ME and my journey to fitness

My journey into nutrition and yoga started following after I was diagnosed in 2006 with Myalgic Encephalomyelitis (ME) which is also known as Chronic Fatigue Syndrome (CFS). I have worked hard to get myself into a good place where my health is stable, and my symptoms are at a very manageable level. You can read more on my journey into nutrition and yoga here.

However, there have been a couple of incidents recently that have really triggered me into feeling frustrated about my health condition. Generally, I manage it really well and have managed to turn my thoughts around so that I don’t get as frustrated with not being able to do things I used to. However, as a natural sporty person I still find it really hard that I can’t go out running, swimming, canoeing and doing other things that I love to do. I’ve seen a number of social media posts about people doing crazy exercise routines and/or weight loss journeys and for me it’s a real trigger that makes me feel that I’m not doing enough.

Over the summer I have been on a couple of family holidays during which I have been able to do things I haven’t been able to do for years. The highlight was going on a 4 hour sea kayaking trip in Scotland. I was so proud of myself for being able to do it and for how quickly I recovered afterwards especially as I have no choice but to keep going whilst running after a toddler!

Whilst these adventures were great it has left me feeling that I want to get fit again, I’d be lying if I said I didn’t want to tone up and lose a few pounds in the process but my overall aim is to increase my fitness so I can go on more adventures and so that I can join in when my little girl wants to do them. Whilst I teach yoga and do yoga most days to help keep me well, I feel like I’m not cardiovascular fit and it feels like I’m not practising what I preach about looking after my body!

I accept that I need to start small and work my way up to ensure that I don’t burn out, but this is blooming hard for someone who is naturally competitive. So, I started looking for YouTube videos that were 10 minutes long that I could do every other day. I have found it hard to find videos that fit my needs, everything I found was a 10 minute HIIT style class designed to get you burning calories and toning up fast but leaving me crumpled in a heap! When I searched for videos for people with health conditions even those were too hard for me.

For those of you that don’t know much about M.E./CFS it is basically constant extreme fatigue, the only thing I can liken it to is like having jet lag and flu at the same time!! I get 2 types of pain; muscle and bone pain, the muscle pain is like having really bad lactic acid after a gym session only not having done the exercise first.

So I decided to recruit some help, I approach Emma from Seal Fitness ( to see if she would be interested in helping me. Most PT clients need their trainer to push them to their limits whilst I need Emma to reign me in and hold me back. I needed someone who knew about injuries (I have a lot, from my former sporting days) and about pacing. Emma has lots of experience in both of these areas, her journey into becoming a personal trainer started when her husband broke and dislocated his neck (fortunately he made an amazing recovery). As a sports person, he was frustrated with the advice to rest and wait for a year so between them they gently strengthened his body again. Emma has also had her own journey through recovering from injuries, so she was the ideal choice for me.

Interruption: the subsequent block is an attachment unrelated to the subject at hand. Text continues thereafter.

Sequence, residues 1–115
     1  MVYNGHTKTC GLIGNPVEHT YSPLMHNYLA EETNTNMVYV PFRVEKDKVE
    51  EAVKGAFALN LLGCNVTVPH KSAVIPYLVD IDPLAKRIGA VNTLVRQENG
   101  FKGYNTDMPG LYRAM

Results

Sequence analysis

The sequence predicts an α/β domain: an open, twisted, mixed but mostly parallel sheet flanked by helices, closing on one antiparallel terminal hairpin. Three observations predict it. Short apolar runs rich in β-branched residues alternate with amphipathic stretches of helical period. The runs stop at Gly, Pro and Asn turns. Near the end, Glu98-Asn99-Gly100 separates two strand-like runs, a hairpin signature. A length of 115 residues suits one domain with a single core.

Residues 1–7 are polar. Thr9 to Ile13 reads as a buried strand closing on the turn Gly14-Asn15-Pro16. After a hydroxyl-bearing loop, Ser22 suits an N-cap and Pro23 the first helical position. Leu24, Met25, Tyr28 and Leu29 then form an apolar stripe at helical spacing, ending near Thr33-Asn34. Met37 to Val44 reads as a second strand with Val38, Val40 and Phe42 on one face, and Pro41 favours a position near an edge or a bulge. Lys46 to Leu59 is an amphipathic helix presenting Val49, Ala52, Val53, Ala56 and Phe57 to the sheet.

I met up with Emma and we agreed a plan that we would start very slowly and do 10-15 minute sessions to help me build my strength and fitness up. I’ve decided to document this journey to help other people like me who are frustrated with not having access to videos and workouts that start right at the beginning of a fitness journey. I’m hoping the workouts will help people with health issues, postnatal and other issues to see that you don’t have to go all out to make a difference to your body. This isn’t going to be about the stats, how much I weigh or how many inches I’ve lost but a journey about getting my fitness back and the barriers along the way. Recently someone said something to me along the lines of “it’s ok for people like you, you look like a yoga teacher and it’s not hard for you to do yoga like it is for the rest of us”. My first instinct to this comment was to be really hurt, I felt like I was being unfairly judged that because I look healthy and well that I must be. My second was to feel incredibly proud of myself as I have got to a place where I look healthy and well and that my yoga looks good (as I am prone to being hard on myself my ego liked this). My third thought was that I want to show people how yoga can help by just doing a little bit at a time, that 15 minutes a day can make a massive difference and that I know what it’s like to live with a health condition and to have to manage it on a daily basis.  So I will also share some of my personal practice with you all to, to give you an idea of what you can do each day to improve your health and to show that the style of yoga I do is suitable for everyone.

Session 1 – Getting started with ME

I was super excited and nervous about my first session with Emma. I tend to overdo things and then pay the price later; I can generally do quite a lot and then the pain and fatigue kicks in a few hours later. I was nervous as having a toddler means I don’t have the luxury of taking a couple of days off to rest if I overdo it.

Emma was fantastic we talked through issues and plans and decided on a HIIT (High Intensity Interval Training) session, each activity would last 20 seconds and there would be 3 activities in the circuit. I would then have a rest and repeat the circuit 2 more times. I did 2 different circuits altogether. There is a video of the first circuit I did, I was finding it really challenging to walk not run between each ball throw and please don’t judge me on my cheating shoulders on the ropes, I couldn’t get them to stay down at all!